You keep harping on this climate sensitivity issue as if it is some defining element of climate science:
1) Climate sensitivity F > delta where delta is a positive number greater than zero. Deniers go so far to claim that delta is zero or less than zero. Total BS.
2) F is almost a meaningless concept. It is trying to parametrize a complex process in terms of a bulk variable. So it is never right at any given point and any given time. One cannot derive F from the underlying equations. Real Climate shoots down the lowball estimates of F very effectively by pointing out the serious limitations of the two papers that underestimated it. For humanity the short term F which may be several times larger than the long term F is likely to be of critical interest. Deniers would like everyone to wast their time with getting this fuzzy metric "super precise" as if it makes any difference. A typical denier disruption ploy.
You clearly are denier since you make the above BS claim which is a mishmash of denier talking points. The CO2 levels are observed and the associated warming is determined by both observations and models. Simulations between 1850 and the modern period show good fidelity between models and observations.
First off I think you misunderstand what was being said. With regards to the range of IPCC projections CO2 is indeed a major "tuning knob" simply because each RCP (representative concentration pathway) represents a different projection with regards to CO2 contribution to the atmosphere going forward. The IPCC sees this as being one of the large uncertainties as to future climate.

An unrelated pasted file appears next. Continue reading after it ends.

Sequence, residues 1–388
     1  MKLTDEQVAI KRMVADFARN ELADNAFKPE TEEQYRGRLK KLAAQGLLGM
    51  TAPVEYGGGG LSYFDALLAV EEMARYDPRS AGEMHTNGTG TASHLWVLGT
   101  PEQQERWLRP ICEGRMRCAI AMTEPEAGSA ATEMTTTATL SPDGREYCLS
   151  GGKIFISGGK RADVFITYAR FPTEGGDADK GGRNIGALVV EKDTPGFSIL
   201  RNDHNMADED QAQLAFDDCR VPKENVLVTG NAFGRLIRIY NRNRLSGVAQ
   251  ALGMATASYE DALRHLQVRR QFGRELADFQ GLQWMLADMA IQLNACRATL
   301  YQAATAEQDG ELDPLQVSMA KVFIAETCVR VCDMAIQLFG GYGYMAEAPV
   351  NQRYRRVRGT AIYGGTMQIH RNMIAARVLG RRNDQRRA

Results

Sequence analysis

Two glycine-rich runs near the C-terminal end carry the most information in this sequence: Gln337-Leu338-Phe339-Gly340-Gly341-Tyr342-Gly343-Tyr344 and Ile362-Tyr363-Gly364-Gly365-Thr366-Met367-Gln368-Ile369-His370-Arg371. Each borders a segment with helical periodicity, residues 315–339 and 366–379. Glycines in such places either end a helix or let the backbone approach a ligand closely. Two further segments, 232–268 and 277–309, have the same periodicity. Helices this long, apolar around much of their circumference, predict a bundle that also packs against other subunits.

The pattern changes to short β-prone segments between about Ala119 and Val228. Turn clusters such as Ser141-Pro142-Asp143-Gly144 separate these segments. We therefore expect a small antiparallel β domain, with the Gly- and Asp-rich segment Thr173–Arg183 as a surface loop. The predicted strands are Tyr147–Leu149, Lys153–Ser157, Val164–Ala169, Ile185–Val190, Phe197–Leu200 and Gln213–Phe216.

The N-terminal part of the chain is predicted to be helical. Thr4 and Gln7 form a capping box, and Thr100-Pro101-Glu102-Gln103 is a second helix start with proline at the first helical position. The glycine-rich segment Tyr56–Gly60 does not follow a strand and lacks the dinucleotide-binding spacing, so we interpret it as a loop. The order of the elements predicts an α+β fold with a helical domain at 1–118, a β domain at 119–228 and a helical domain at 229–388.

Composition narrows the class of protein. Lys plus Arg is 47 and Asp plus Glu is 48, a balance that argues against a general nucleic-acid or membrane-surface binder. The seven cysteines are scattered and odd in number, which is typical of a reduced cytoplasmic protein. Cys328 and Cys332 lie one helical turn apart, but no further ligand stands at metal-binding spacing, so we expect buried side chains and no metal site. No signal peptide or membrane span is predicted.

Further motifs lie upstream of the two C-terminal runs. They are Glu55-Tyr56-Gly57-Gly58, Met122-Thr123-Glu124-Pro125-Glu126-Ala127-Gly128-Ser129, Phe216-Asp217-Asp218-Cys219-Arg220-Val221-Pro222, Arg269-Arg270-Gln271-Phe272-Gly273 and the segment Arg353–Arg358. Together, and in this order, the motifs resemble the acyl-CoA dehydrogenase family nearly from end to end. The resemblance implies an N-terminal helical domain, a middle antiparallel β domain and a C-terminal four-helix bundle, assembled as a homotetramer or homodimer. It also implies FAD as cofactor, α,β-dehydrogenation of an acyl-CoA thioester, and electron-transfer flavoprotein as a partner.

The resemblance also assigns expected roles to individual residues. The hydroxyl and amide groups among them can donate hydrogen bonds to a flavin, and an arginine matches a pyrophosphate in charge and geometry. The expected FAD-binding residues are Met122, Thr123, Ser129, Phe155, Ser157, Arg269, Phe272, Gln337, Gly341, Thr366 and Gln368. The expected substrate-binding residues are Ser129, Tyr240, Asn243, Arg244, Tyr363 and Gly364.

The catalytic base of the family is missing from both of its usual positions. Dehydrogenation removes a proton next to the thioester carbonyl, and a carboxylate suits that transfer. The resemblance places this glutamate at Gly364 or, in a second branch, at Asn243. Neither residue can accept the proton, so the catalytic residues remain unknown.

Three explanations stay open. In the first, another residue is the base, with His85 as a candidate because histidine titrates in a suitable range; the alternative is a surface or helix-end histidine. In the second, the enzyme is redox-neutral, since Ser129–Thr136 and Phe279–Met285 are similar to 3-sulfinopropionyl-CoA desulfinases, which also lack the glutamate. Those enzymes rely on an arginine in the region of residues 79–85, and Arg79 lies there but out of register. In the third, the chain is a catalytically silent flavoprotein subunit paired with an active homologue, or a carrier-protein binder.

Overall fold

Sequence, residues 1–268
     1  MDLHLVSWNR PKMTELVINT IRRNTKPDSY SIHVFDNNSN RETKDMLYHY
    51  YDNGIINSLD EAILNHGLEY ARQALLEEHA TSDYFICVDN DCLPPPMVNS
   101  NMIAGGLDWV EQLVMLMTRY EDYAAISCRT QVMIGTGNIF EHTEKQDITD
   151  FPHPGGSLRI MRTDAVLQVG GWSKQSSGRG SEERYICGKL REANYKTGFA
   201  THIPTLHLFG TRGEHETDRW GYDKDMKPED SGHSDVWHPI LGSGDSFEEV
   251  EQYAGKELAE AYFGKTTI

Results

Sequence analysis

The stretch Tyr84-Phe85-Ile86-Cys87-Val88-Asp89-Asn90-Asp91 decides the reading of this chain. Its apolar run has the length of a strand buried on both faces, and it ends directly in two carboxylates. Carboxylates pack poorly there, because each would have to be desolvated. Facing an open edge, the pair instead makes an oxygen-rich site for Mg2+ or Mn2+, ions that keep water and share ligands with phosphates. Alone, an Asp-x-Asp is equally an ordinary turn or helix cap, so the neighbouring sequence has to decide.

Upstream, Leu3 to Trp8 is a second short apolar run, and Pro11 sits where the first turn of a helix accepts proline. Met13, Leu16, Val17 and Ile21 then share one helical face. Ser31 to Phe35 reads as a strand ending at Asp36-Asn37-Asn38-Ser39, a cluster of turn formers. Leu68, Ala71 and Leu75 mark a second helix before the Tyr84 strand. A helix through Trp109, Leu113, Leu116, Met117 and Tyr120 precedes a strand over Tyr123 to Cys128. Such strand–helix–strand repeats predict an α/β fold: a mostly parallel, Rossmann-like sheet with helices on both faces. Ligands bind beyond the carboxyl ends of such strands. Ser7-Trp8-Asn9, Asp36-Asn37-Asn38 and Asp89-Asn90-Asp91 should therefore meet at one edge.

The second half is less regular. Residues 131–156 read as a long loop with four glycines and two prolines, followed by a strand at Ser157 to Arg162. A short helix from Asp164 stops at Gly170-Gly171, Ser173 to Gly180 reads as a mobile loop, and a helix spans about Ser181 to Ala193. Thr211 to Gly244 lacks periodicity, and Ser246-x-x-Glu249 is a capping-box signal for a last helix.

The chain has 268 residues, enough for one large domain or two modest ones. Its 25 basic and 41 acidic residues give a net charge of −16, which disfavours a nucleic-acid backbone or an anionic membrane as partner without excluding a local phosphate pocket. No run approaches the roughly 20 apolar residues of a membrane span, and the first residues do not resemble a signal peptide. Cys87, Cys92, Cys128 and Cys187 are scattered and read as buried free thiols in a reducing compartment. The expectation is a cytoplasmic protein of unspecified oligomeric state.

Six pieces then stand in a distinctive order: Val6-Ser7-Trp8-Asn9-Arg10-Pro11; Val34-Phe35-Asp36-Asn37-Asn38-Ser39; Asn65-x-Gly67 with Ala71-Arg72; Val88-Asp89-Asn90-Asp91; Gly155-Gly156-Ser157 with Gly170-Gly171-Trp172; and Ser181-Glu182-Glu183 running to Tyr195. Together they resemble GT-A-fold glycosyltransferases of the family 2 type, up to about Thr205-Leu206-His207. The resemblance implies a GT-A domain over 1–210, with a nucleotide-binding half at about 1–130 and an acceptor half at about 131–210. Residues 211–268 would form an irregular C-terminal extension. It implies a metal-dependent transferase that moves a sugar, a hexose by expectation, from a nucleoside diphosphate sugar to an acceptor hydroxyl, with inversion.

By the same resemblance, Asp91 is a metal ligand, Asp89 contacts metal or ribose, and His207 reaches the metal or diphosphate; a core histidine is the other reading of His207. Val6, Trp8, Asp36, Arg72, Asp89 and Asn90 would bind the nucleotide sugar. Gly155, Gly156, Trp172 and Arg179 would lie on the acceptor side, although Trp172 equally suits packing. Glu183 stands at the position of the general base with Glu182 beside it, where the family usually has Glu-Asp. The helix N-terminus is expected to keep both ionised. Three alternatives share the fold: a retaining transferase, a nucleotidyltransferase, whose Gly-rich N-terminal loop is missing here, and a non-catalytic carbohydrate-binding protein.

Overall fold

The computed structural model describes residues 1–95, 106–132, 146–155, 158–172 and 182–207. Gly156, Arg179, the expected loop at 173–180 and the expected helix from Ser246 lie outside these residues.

You have utterly no idea what a climate model simulation is. CO2 is not a tuning knob it is a genuine input like the solar constant. Climate models do not simulate human industry, resource extraction and the burning of biomass and fossil fuels. Climate models deal with the impact of the chemical composition changes on the atmosphere. Recently they have been coupled to ocean models. Since the dynamical timescales and spatial resolution requirements are vastly different in these two systems the numerical challenges are significant.
You make the implicit claim that uncertainty in CO2 emissions from humans validates the drivel of the original poster. Yet more denier BS. Even if humans stopped CO2 emissions today the system is locked into at least 2 C of warming. Of course denier diversion will focus on the lack of total precision in the forecast for human CO2 emissions as some show stopper for evaluating the impact of historical to present day CO2 emissions. As if they are old news and not a monkey on humanity's back.
I will say that you and the rest of the deniers can sod off. The CO2 emissions vs global GDP correlation is incredibly tight based on all of the historical data. So technological evolution makes basically no impact on CO2 emissions. There is no way that CO2 emissions will stop unless the global GDP goes to zero. So this IPCC scenarios being "tuning" is beyond absurd. Go ahead and claim that CO2 emissions will become irrelevant in the future. But I bet you won't and instead prefer to deliberately mix up the "uncertainty" of the inputs with the uncertainty of the physical process being modeled.